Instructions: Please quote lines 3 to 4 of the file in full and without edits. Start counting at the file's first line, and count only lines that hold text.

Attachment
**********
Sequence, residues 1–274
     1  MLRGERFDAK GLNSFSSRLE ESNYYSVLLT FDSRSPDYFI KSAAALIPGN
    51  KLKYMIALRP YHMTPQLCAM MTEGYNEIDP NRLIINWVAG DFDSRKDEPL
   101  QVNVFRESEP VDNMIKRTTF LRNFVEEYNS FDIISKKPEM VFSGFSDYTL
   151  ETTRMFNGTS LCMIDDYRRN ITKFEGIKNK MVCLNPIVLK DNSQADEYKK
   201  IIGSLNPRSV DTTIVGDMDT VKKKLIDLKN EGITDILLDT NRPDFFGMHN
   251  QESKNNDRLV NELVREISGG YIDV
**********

    51  KLKYMIALRP YHMTPQLCAM MTEGYNEIDP NRLIINWVAG DFDSRKDEPL
   101  QVNVFRESEP VDNMIKRTTF LRNFVEEYNS FDIISKKPEM VFSGFSDYTL